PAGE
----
From the department of reality evasion: The state most endangered by global warming has decided that climate change, like Lord Voldemort, is something that cannot be named.
Remember that kid in third grade who blocked out anything he didn't want to hear by sticking his fingers in his ears and saying, "la-la-la-I-can't-hear-you"?
Well, apparently, he grew up to be governor of Florida.
The Florida Center for Investigative Reporting quoted a former employee of the Florida Department of Environmental Protection as saying she and a colleague were forbidden to use the terms "climate change" and "global warming" in 2011 after Rick Scott became governor.
In the new vernacular of climate change denial, sea-level rise — to which Florida is particularly vulnerable — became "nuisance flooding."
That's like calling Godzilla a "pesky reptile."
Though the U.S. Senate now has acknowledged that climate change is real, Scott used the "I'm not a scientist" response to questions about his stance on climate change before he was re-elected in 2014.
Maybe when the "nuisance flooding" reaches his kneecaps, Scott will decide he doesn't need a scientist to realize the state has a problem.
Of course, North Carolina was actually ahead of Florida in being backward.
As I wrote in 2013, action on climate change, which had been identified as a "fierce urgency" in the N.C. Department of Environment and Natural Resources 2009-13 Strategic Plan, was not even listed under "Important Issues" on the DENR website by June 2013.
In fact, it was difficult to find references to climate change anywhere on the website.
Asked in July 2013 about progress on plans recommended in that report, spokesman Drew Elliot said that climate change was no longer a specific focus of the agency.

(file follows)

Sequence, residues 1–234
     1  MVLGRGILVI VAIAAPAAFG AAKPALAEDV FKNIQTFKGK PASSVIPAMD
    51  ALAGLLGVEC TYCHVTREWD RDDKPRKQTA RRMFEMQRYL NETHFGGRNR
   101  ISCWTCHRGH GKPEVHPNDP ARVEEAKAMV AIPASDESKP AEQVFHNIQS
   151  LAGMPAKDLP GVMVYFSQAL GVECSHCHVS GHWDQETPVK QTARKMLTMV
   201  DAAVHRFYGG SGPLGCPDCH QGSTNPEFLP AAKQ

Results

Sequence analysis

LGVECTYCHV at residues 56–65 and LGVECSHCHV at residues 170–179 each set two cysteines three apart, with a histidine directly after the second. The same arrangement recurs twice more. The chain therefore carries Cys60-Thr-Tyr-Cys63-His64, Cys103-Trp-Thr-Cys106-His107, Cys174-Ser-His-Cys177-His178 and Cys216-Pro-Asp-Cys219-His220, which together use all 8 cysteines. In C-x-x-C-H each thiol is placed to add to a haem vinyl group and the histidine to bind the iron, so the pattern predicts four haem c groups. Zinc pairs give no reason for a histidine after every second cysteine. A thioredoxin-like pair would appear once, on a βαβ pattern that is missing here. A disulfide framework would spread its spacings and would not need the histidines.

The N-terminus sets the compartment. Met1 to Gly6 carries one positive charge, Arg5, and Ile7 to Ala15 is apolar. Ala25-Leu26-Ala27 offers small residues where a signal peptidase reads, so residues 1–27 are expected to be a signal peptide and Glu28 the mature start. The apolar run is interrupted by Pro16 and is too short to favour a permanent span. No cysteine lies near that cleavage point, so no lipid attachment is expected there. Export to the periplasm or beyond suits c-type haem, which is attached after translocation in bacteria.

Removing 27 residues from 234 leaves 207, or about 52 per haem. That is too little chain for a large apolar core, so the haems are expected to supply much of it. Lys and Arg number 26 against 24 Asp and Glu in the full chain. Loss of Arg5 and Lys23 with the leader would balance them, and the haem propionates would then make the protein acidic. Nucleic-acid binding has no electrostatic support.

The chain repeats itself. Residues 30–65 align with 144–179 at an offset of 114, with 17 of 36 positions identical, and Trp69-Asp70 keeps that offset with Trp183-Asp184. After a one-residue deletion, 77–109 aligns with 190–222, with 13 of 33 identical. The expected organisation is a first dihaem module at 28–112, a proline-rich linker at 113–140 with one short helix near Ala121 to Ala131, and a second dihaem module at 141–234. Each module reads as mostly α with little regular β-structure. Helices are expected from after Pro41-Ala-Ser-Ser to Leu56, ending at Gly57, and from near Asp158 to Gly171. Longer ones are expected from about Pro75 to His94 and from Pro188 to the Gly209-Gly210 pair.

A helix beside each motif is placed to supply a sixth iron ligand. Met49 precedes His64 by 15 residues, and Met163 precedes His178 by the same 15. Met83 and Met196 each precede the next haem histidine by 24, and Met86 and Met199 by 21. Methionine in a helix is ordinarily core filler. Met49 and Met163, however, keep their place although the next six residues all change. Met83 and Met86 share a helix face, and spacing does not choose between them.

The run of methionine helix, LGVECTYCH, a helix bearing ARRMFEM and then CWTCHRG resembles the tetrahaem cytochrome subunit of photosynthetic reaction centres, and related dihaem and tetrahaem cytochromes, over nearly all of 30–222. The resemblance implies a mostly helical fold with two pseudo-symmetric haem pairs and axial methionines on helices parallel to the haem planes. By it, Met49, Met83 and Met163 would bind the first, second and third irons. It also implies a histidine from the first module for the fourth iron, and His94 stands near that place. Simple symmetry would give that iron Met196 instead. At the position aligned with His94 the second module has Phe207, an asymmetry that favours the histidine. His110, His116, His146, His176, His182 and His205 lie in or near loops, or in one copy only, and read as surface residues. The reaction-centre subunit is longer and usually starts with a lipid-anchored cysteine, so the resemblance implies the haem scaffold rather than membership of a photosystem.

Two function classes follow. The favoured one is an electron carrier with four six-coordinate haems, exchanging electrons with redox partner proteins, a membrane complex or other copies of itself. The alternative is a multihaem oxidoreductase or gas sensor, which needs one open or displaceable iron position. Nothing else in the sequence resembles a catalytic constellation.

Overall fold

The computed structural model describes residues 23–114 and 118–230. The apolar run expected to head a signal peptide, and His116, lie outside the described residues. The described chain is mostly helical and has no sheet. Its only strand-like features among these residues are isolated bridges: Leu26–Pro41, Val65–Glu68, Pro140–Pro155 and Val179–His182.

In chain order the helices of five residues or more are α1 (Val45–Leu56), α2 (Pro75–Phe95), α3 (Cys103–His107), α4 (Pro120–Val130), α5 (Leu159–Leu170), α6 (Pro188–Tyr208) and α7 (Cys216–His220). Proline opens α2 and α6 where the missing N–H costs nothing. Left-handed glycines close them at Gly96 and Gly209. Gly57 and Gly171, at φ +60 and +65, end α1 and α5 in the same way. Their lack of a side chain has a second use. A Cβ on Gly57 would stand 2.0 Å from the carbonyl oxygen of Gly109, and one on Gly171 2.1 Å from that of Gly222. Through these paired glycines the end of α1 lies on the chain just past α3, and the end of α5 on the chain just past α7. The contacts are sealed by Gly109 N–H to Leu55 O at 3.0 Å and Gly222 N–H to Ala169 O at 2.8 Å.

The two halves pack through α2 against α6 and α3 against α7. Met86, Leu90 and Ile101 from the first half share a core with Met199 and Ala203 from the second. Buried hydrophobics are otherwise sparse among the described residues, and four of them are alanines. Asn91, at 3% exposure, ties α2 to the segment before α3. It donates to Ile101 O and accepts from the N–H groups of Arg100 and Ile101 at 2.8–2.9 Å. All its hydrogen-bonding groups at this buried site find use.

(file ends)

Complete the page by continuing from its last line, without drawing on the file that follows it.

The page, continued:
Just as in the Florida example, there was an unwritten rule against using the terms "climate change" and "global warming."
"Recurrent flooding," "climate disruption" and even "the weirding of the weather" were a few of the euphemisms created to talk about climate change by organizations that had no choice but to deal with the effects.
It's past time to face this problem head on, call it what it is, and do what we can to address it in policy and practice.
Assaults continue on local governments
It's like the movie "Groundhog Day" at the General Assembly. First came the Greensboro City Council, then the Wake County Board of Commissioners and now the Rockingham County Board of Education.
Bills to redistrict all three have been filed in Raleigh this session, and two already have cleared the Senate.
In the latest assault on local government, Reps. Bryan Holloway and Bert Jones, both Republicans, filed a bill in the N.C. House last week to reduce the Rockingham County school board from 11 to 7 member. New districts would be drawn, and some at-large members would be eliminated.
Third verse, same as the first. It's right out of the playbook of the American Legislative Exchange Council, a corporate-funded lobbying group, which has widespread influence on state legislatures and now has set it sights on local government.
The battle to defeat Senate Bill 36, Sen. Trudy Wade's bill to gut the Greensboro City Council, now moves to the N.C. House.
Call, write, post on social media, and email Guilford County representatives and those in other districts and tell them Greensboro voters oppose SB 36.
You can see a full list by district on www.ncleg.net/under the section called "Who represents me?
Greensboro residents can help ensure that residents statewide know what is at stake, not just for us, but for them. With three bills already filed, it's clear that the Republican Party is launching a campaign to gerrymander local government elections, just as it did with statewide elections.